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Research on Alzheimer's disease

last modified Jan 28, 2014 02:49 PM

The Laser Analytics Group is working to gain a better understanding of the mechanisms underlying Alzheimer's disease. This is urgently required if new treatments are to be developed.

The progression of Alzheimer's disease (AD), a grave neurodegenerative illness, is associated with the aggregation of a protein called beta-Amyloid protein, which forms the main component of plaques found in the brain of patients suffering the disease. 

It is thought, however, that the neurotoxic function of beta-Amyloid (a-Beta) occurs long before plaques appear: small oligomers of a-Beta are thought to interfere with vital processes in neurons, preventing them from functioning normally. Research into molecular mechanisms of AD and potential therapeutic agents has been severely hampered, however, because it has not been possible so far to study the aggregation process and the resulting structure and morphology of beta-Amyloid in-situ, in the cells where aggregation occurs. 

The challenge is formidable because the oligomers are very small structures, with a lengthscale of about 10 nm, far below what could be imaged with light microscopy, which is limited by optical diffraction to a resolution of around 300 nm. Electron microscopy and atomic force microscopy have the necessary resolution, but they cannot be used to probe in the cell. 

The Laser Analytics group has been able, for the first time, to visualise the morphology and size of oligomer species of a-Beta, in the native environment, using all-optical techniques. This was achieved through application of a so-called "Optical Super-Resolution" technique, which circumvents the problem of optical diffraction and provides an effective resolution down to the 10 nm scale. The results are published in the latest issue of JACS [1]. The work is part of a collaborative effort within the Cambridge Neurodegenerative Disease Consortium, funded by the Wellcome Trust / MRC, to look into the molecular mechanisms of Alzheimer's disease [2].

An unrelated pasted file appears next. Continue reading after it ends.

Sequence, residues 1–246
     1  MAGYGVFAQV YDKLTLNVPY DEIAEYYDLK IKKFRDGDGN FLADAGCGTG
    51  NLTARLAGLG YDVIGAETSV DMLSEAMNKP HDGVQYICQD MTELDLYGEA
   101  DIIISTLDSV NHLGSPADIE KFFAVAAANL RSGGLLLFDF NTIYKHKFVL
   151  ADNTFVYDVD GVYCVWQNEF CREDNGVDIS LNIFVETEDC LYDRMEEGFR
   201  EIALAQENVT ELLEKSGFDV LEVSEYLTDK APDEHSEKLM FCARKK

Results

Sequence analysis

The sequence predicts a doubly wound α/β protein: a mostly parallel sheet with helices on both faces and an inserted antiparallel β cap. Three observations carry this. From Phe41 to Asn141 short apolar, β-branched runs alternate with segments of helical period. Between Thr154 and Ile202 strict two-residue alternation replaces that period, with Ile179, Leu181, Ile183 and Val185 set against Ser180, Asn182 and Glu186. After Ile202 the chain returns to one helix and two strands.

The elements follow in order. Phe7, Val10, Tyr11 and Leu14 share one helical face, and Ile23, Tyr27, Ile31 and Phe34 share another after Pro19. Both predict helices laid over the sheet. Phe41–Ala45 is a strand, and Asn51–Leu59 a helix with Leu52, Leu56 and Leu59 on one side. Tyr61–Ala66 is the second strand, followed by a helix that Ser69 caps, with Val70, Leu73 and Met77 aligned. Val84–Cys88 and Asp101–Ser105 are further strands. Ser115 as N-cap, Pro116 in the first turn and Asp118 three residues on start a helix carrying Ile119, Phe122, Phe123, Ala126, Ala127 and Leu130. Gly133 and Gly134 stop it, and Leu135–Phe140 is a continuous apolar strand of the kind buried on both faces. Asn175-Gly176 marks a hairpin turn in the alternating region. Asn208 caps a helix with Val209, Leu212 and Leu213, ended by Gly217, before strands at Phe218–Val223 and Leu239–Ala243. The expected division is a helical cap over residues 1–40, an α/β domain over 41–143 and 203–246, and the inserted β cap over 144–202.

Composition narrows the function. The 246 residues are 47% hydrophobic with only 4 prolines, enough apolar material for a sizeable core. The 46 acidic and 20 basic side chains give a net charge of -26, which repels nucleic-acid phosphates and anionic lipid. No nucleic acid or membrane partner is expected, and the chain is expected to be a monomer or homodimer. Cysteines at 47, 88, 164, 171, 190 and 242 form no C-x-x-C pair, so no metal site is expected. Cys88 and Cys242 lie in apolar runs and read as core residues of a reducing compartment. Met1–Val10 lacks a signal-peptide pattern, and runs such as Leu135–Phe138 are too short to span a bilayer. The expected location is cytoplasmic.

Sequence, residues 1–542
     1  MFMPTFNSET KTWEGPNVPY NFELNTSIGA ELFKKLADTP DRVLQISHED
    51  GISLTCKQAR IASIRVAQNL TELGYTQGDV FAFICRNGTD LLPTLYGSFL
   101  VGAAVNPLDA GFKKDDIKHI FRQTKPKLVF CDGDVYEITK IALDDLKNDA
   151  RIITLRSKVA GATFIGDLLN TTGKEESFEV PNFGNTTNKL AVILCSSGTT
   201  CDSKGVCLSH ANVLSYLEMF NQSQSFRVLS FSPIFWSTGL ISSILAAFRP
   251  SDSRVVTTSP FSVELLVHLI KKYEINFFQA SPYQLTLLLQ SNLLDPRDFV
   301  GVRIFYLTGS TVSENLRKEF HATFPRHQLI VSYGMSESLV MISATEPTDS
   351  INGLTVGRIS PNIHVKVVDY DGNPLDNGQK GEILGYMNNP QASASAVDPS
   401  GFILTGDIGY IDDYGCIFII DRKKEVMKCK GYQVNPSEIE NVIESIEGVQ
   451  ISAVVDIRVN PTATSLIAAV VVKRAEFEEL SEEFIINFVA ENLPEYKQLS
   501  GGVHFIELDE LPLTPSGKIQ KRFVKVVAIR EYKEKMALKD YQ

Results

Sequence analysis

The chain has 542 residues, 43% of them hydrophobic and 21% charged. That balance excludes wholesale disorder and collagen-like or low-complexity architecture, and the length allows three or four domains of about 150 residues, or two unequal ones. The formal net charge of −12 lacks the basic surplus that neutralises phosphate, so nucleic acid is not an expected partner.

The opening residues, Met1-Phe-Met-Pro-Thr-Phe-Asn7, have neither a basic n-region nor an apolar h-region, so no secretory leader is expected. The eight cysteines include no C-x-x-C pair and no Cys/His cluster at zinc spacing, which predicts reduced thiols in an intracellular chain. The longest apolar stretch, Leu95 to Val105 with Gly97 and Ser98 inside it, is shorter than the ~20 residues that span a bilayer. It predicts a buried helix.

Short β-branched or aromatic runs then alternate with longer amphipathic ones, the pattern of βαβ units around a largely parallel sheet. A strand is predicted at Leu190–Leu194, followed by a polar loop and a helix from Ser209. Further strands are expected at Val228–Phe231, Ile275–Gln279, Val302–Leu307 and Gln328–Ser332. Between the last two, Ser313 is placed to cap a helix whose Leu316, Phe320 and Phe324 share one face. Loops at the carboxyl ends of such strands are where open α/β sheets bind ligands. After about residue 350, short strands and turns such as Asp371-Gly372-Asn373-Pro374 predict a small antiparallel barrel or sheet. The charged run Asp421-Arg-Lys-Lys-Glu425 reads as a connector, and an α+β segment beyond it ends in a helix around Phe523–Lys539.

[1] G.S. Kaminski Schierle et. al ( | J. Am. Chem. Soc. 2011, 133, 12902-12905).



Centre (grey) a differential interference contrast (DIC) image shows a cultured neuronal cell. Conventional fluorescence images (small red panels) indicate the existence of protein aggregates, but give no information on their size or morphology. Super-resolution images (top panels) clearly reveal the sharp fibrillar morphology of these protein aggregates, and reveal differences between structures found in the intra- and extracellular spaces, suggesting potential mechanisms for their growth and propagation. The molecular structure of a beta-Amyloid protein is illustrated, together with a stacking sequence by which it can form fibrils, in the lower part of the Figure.